Equal Pay & Compensation Discrimination
Equal Pay for Equal Work is Not Political, It’s the Law
While the law has long prohibited discrimination in compensation based on gender discrimination, racial discrimination, or national origin discrimination, little progress has been made in realizing the promise of equal pay for equal work. Nationally, women still earn 80% of what men earn for the same work. When these numbers are broken down by race and national origin, the picture is even more bleak. African-American men earn only 75% of what white men earn for the same work, and African-American and Hispanic women earn even less.
Employers make all manner of excuses to explain their unequal pay practices. Chief among these is prior salary history. This factor serves to permanently entrench past pay discrimination into present and future wages. For this reason, many courts now prohibit employers from relying on such factors to explain gender and racial pay gaps. Many states even prohibit employers from asking about prior pay history to prevent such discrimination from affecting future wages.
Pay differences must be based on real job-related factors. Herrmann & Murphy looks past the usual excuses based on pay history, previous experience, college-degree requirements, and market factors. Many times past experience or a college degree are not actually needed to do the job. Employers’ blind use of these requirements keep people out of good paying jobs for no good reason at all. Like pay history, the “market factor” excuse is another way of saying that the employer is allowed to discriminate against women and minorities because everyone else is doing it, too.
Equal pay cases are made more difficult by employer rules prohibiting employees from discussing their compensation with others. Such rules are usually illegal and employees should not be inhibited from banding together to bring change to discriminatory pay systems.
If you believe you are the victim of pay discrimination, you should reach out for a legal consultation today.
There are four federal laws used to enforce Congress’s promise of equal pay for equal work: The Equal Pay Act of 1963, Title VII of the Civil Rights Act of 1964 (Title VII), The Age Discrimination in Employment Act of 1967 (ADEA), and the Americans with Disabilities Act (ADA).
Equal Pay Act
The Equal Pay Act requires that men and women be given equal pay for equal work in the same establishment. The jobs must be substantially equal. It is job content, not job titles, that determines whether jobs are substantially equal. Employers may not pay unequal wages to men and women who perform jobs that require substantially equal skill, effort and responsibility, and that are performed under similar working conditions within the same establishment. Employees can recover the pay differential, plus liquidated damages, costs, and attorneys’ fees for violations of the Equal Pay Act.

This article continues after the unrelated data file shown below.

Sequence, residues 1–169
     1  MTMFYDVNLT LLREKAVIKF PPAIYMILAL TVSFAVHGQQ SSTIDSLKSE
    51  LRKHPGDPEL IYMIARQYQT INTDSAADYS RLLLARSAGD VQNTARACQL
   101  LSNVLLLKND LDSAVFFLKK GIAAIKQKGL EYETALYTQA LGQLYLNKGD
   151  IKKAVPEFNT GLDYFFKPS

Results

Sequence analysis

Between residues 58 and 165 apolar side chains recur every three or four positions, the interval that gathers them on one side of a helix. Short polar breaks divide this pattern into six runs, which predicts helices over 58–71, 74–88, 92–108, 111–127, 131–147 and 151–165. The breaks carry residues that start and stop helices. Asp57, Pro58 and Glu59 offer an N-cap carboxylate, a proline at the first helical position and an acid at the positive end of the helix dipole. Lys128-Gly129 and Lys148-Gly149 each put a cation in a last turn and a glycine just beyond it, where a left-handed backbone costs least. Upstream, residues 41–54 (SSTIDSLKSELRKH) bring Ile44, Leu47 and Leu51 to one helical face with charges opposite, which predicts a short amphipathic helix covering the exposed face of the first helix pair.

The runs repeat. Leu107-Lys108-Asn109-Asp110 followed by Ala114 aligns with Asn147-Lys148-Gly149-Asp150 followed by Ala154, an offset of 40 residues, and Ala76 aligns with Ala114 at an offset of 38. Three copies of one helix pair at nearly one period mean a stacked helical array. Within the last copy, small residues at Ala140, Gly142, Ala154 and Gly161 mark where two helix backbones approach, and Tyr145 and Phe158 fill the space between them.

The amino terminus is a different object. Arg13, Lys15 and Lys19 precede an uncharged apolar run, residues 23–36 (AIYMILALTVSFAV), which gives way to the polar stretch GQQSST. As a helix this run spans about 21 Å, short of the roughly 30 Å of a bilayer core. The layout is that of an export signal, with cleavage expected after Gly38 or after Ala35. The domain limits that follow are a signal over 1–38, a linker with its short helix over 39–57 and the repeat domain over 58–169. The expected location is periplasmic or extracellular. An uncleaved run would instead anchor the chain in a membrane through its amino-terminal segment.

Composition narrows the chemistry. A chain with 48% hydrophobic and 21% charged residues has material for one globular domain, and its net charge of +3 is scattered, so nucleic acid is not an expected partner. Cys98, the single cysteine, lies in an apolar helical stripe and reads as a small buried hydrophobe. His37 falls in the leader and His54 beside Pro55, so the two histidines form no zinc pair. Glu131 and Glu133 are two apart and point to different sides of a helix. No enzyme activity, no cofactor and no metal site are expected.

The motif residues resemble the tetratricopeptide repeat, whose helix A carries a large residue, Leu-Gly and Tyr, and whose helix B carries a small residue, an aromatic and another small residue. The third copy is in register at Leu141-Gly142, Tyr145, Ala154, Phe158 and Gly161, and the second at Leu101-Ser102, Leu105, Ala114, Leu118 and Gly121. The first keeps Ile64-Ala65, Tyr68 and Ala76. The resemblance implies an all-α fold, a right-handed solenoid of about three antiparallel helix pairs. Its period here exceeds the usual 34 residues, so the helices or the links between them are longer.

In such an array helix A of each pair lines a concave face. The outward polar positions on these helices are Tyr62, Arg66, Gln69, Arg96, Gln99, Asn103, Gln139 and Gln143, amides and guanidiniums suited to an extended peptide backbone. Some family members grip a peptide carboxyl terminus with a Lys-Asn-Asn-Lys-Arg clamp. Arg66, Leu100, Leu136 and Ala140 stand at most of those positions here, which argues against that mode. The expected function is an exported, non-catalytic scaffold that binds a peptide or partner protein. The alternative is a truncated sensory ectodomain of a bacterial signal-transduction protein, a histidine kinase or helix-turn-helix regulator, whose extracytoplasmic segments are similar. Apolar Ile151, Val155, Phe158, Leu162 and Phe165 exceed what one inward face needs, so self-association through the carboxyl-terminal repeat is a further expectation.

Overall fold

Pay differentials are permitted when they are based on seniority, merit, quantity or quality of production, or a factor other than sex. These are known as “affirmative defenses” and it is the employer’s burden to prove that they apply.
Title VII, ADEA, ADA
Title VII, the Age Discrimination in Employment Act (ADEA), and the Americans with Disabilities ACT (ADA) prohibit compensation discrimination on the basis of race, color, religion, sex, national origin, age, or disability. Unlike the EPA, there is no requirement that the claimant’s job be substantially equal to that of a higher paid person outside the claimant’s protected class, nor do these statutes require the claimant to work in the same establishment as a comparator. Unlike the EPA, however, employees proceeding under the protection of these laws must first file their claim with the Equal Employment Opportunity Commission within 180 days of the discriminatory act.
Unfortunately, the EEOC is far more likely to harm your case than to help your cause. Therefore, we strongly recommend you reach out for a consult before going to the EEOC if you believe you have been the victim of unlawful discrimination or retaliation. No matter what, though, you must comply with the 180-day deadline. Therefore, you should file with the EEOC immediately if it has been five months since the adverse employment action occurred.
Lilly Ledbetter Fair Pay Act
The Lilly Ledbetter Fair Pay Act overturned the Supreme Court and made it so that each pay check amounts to a fresh violation of the law. Without this law, an employee would have to have brought a pay discrimination claim within the first 180 days the employee was paid the discriminatorily low wage. With this law, employees can bring a claim within 180 days of their last paycheck. Still, the earlier a claim is made, the more damages an employee stands to collect and the sooner an illegal practice can be remedied.